Working to give back to the community, the Community Engagement Center is setting up trees around the city and on the SUU campus. throughout the month of November. These Angel Trees hold ornaments that have information on items needed by families and children throughout the community and they are for anyone to take for the opportunity to give back to the community.
This program, run by the Community Engagement Center at SUU and its partners such as Toys for Tots, Shop With a Cop and Care and Share, provides Christmas gifts for children ages 0 through 17 or 18. The Angel ornaments are pieces of paper with angels printed on them. On the back holds information on an item or items that are needed by children, whether it be a stocking stuffer, school supplies or a gift for a boy or girl of a certain age group.
As well as providing gifts for children, Angel Trees helps to provide a turkey or ham for the families involved as well as Senior Citizens relying on a fixed income. The turkeys and hams are provided through donations. Care and Share, the county homeless shelter and food bank, helps with this by providing items such as stuffing.
The work is done largely by volunteers and donations as the CEC is given no budget to help provide better Christmases.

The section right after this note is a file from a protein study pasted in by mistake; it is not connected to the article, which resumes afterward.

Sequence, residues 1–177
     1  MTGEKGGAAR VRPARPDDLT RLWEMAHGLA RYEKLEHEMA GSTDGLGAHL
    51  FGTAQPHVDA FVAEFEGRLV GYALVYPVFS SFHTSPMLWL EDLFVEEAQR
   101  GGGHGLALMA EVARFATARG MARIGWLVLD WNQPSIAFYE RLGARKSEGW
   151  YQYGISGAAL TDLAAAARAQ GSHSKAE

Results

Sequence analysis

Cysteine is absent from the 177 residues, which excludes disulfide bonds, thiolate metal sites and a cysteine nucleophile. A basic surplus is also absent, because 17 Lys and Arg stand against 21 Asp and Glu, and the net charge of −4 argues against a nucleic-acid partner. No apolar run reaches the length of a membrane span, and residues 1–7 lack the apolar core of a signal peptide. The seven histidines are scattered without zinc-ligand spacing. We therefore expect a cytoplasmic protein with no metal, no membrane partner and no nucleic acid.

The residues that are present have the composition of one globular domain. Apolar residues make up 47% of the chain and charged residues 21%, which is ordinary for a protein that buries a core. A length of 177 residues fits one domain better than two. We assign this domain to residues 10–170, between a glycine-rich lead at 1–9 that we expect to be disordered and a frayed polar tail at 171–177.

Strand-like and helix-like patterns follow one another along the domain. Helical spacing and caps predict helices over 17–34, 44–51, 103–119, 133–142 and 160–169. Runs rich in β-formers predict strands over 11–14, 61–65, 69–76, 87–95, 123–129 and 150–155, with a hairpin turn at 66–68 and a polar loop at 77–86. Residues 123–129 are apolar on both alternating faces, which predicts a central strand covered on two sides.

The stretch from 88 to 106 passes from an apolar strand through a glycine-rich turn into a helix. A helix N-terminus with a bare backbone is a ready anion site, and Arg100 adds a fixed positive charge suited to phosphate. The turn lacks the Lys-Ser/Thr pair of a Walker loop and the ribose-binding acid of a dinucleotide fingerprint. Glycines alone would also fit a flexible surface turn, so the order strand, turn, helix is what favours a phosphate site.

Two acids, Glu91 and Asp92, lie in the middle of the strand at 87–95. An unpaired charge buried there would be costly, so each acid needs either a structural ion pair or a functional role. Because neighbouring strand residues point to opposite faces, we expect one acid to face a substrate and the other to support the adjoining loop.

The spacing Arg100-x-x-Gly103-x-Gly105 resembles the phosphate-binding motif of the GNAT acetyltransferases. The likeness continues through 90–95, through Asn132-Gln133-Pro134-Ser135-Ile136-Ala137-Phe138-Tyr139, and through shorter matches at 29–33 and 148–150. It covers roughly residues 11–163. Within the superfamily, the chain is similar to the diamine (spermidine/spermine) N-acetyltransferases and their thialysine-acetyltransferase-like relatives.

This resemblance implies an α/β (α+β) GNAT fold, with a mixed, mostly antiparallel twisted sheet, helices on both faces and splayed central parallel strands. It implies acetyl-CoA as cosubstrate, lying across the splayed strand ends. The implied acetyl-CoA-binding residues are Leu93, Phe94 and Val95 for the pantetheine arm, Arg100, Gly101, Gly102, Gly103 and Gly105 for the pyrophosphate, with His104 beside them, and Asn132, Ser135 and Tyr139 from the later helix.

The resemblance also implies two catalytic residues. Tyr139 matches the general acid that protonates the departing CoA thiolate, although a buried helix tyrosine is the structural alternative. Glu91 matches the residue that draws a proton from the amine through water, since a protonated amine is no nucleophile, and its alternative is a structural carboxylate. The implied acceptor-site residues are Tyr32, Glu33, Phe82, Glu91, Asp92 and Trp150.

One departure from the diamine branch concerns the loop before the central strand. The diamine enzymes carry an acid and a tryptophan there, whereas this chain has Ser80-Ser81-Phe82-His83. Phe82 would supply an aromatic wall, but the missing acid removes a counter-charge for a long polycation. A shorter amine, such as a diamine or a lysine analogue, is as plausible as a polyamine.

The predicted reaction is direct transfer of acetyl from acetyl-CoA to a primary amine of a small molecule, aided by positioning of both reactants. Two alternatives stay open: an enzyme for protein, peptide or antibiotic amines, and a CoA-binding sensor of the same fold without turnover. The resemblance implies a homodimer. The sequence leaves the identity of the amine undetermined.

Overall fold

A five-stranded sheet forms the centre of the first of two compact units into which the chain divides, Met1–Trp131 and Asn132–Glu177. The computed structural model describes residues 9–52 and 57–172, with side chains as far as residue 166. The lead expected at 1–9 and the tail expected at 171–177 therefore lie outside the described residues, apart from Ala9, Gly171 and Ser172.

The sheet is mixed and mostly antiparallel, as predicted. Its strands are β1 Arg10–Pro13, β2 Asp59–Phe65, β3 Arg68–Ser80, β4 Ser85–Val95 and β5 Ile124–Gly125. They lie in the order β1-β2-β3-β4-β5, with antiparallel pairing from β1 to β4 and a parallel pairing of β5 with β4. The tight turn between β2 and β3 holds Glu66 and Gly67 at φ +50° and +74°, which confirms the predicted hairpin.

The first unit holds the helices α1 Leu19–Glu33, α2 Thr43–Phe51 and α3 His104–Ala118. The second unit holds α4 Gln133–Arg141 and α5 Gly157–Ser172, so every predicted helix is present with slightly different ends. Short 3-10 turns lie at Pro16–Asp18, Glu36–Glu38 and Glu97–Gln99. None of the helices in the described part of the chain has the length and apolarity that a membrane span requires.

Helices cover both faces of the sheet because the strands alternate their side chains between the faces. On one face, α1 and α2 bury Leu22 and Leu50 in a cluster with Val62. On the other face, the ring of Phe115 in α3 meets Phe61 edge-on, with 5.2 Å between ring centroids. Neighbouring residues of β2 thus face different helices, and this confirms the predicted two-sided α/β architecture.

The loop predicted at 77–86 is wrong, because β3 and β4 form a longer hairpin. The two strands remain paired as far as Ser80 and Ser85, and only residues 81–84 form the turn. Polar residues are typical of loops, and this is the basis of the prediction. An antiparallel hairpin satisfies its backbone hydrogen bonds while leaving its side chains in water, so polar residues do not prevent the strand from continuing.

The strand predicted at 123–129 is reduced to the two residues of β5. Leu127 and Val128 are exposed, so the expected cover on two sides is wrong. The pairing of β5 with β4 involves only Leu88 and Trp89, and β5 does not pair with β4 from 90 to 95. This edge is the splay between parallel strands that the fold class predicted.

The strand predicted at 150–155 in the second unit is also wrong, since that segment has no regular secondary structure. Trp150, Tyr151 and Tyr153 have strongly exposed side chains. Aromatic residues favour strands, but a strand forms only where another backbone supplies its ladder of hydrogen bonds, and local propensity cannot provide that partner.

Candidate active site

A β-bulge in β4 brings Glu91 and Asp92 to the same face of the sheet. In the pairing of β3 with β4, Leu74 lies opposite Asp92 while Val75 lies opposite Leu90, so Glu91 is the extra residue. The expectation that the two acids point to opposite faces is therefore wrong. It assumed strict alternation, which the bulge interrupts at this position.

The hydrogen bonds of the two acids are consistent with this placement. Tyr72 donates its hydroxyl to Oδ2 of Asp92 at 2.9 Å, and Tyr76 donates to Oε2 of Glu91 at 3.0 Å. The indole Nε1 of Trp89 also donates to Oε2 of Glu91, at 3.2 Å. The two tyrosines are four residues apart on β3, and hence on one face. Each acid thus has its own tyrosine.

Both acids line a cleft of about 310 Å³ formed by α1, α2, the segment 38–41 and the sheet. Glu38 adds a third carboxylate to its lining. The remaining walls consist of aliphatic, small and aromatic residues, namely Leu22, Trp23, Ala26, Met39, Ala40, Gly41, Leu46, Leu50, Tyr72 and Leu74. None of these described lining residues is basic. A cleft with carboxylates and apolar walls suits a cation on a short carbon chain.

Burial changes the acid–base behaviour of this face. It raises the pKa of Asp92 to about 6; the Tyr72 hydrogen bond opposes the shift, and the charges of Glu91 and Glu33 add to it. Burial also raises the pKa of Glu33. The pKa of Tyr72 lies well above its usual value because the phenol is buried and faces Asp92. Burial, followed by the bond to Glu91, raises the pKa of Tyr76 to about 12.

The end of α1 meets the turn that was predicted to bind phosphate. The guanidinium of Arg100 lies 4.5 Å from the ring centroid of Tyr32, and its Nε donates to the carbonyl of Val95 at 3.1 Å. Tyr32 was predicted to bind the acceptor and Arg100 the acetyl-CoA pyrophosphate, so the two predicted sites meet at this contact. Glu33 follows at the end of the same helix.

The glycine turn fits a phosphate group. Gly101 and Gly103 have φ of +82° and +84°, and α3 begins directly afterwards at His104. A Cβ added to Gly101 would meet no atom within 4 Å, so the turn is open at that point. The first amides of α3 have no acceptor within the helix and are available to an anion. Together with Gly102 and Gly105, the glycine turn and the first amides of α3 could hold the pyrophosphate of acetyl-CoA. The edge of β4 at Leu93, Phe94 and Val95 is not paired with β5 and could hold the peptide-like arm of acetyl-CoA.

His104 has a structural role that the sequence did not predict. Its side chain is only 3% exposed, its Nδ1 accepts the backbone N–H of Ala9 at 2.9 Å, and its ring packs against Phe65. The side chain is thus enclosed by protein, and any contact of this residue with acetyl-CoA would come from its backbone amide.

“Each year the program serves, depending on the year, 850 to maybe 1,200 kids each year and from 350 to 500 families,” Pam Branin, Associate Director of the CEC and Coordinator of the Angel Trees Project, said. “It’s a big program and we love it when we get good support from SUU.”
Not just any family receives gifts or meals. In order to qualify for the program they only have to apply online at the Community Engagement Center website. Main requirements include being residents of Iron County and falling at 150 percent or less of the poverty level.
A few trees will be located on campus: one is in the Sharwan Smith Student Center, another is in the library and there are more in other locations. Students are encouraged to take an angel and participate even if it is a small amount.
The program is important as it provides for children and families at Christmastime. It is also an opportunity for students and faculty members at SUU and community members to give back to the community, even if it’s a donation as small as $1.
“It’s important when you’re a kid that you go back to school and are able to be a part of that ‘What did you get for Christmas?’ conversation,” said Branin. “I think it’s just as valuable for those of us who are able to help whether it’s through a donation of time, or a donation of money, or a donation of a gift item that we, as members of the community who are able, step up and do so for those people in our community who are maybe in a tight spot. I think it’s valuable for both ends.”
There are many ways to help with the Angel Trees Program. Money donations, however small or large they may be, are accepted online at the CEC website. Visit the Community Engagement Center at 417 W. 200 S. or pick up an Angel, which has instructions on the back, from any tree for more information.